One of the many sites of the former New Netherland to retain its Dutch name (Brooklyn and Harlem are others), Staten Eylandt was named for the Staten Generaal, or States General, the governing body of the Netherlands in the seventeenth century. Henry Hudson sailed past the island in the Half Moon in 1609, his mate remarking that "the land is very pleasant and high, and bold to fall withal." Once the West India Company began to settle the Hudson River, this island at the mouth of the magnificent harbor, rich with trees and pasture land and nearly sixty square miles in size, caught their attention. In 1630, Pieter Minuit, as director general of New Netherland, purchased the island from the Unami Indians of the Delaware tribe for "Duffels, Kittles, Axes, Hoes, Wampum, Drilling Awls, Jews Harps, and diverse other small wares."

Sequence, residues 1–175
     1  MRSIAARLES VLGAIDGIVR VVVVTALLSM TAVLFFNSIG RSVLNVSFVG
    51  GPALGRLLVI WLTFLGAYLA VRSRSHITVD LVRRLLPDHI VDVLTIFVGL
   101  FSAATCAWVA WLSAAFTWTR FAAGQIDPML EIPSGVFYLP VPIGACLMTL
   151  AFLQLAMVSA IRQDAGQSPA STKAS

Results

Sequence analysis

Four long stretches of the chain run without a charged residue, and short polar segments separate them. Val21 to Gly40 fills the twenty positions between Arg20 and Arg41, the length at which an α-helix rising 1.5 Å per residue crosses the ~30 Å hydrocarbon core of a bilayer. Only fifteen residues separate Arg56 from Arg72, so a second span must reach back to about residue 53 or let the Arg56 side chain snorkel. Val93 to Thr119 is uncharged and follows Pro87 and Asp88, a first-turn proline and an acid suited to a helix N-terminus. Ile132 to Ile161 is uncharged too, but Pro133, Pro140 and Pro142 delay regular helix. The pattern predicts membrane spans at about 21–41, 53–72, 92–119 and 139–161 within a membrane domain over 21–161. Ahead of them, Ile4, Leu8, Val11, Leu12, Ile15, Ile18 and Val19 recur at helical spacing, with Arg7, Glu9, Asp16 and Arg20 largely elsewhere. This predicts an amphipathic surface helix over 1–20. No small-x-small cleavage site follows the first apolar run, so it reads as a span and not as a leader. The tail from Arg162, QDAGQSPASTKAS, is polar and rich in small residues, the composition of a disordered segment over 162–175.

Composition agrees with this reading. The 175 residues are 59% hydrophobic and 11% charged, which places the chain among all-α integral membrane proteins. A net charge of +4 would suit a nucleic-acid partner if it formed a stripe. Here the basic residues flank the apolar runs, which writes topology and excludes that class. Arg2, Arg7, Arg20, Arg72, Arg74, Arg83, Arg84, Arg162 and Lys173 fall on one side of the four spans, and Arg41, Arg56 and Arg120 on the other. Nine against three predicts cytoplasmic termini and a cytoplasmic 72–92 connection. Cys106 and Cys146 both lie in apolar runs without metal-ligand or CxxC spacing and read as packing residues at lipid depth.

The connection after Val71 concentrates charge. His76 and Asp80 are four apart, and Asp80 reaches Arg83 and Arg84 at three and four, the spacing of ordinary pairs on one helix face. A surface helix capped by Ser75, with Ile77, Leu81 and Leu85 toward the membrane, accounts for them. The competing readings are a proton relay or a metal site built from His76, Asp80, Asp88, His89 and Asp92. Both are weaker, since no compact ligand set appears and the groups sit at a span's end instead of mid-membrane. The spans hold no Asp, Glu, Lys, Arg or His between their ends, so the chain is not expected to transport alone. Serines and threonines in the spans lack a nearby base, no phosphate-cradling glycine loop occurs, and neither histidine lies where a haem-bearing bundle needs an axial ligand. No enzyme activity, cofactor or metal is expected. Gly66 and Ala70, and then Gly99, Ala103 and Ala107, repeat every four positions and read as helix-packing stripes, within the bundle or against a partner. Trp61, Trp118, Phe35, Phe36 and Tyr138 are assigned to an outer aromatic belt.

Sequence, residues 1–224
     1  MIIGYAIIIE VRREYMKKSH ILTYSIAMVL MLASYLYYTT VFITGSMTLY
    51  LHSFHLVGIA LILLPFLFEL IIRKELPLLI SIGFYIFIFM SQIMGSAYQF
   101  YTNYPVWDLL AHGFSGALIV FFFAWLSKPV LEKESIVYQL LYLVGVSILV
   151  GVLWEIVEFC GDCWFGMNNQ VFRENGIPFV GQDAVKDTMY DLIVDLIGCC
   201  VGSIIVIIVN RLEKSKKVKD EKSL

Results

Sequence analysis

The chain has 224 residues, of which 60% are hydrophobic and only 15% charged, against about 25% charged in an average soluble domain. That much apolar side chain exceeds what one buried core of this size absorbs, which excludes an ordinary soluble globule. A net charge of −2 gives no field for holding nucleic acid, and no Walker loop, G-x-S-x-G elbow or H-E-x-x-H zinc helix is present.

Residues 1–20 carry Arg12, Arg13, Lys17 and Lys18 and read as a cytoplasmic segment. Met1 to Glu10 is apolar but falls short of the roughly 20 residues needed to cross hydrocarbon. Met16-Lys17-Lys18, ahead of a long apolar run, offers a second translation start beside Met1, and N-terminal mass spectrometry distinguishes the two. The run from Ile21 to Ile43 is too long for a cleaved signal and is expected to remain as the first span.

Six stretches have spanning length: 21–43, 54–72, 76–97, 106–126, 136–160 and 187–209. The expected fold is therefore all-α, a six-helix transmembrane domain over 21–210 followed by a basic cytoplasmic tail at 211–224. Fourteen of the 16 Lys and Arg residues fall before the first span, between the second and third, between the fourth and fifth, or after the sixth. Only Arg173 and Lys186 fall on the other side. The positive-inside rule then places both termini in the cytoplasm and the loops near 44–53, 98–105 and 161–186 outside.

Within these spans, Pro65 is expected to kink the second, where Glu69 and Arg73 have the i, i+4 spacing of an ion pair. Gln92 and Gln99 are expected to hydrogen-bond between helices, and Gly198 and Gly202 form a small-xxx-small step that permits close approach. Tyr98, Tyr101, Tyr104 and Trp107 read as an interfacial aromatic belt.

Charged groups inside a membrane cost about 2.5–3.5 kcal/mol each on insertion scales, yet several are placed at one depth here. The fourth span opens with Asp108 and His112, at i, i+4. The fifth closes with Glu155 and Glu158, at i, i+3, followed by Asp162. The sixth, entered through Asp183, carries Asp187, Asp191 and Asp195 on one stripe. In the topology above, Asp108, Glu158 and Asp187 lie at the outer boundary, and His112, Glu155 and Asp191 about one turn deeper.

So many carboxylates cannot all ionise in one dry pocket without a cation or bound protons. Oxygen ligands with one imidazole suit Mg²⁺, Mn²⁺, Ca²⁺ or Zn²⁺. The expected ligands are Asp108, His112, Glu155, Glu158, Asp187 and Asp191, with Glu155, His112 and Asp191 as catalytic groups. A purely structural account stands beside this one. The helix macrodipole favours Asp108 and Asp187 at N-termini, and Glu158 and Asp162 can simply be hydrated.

But the Dutch plantations on Staten Island didn't fare well. In 1641, after the new director general, Willem Kieft, decided to levy a tax on local Indians, the Raritan tribe attacked the Staten Island plantation of the Dutch adventurer David de Vries, killing four people. It was the end of the colony's relatively peaceful days among its Indian neighbors.
The first permanent settlement on the island was Oude Dorp ("Old Town"), populated by French Huguenots. With only five percent of New York City's population and no road access to Manhattan, Staten Island has always been the forgotten borough of the city. Staten Islanders have tended to feel dumped-on, and with good reason: the island's Fresh Kills landfill is one of the largest in the world (it is visible by the naked eye from outer space). It was to Fresh Kills that the thousands of tons of debris from the World Trade Center attack of September 11, 2001, were hauled and analyzed.
Here is a list of famous Staten Islanders (in particular, the island seems to be a good breeding ground for musicians: Joan Baez, Christina Aguilera, David Johansen, Roy Clark, and the members of Wu-Tang Clan were all born here).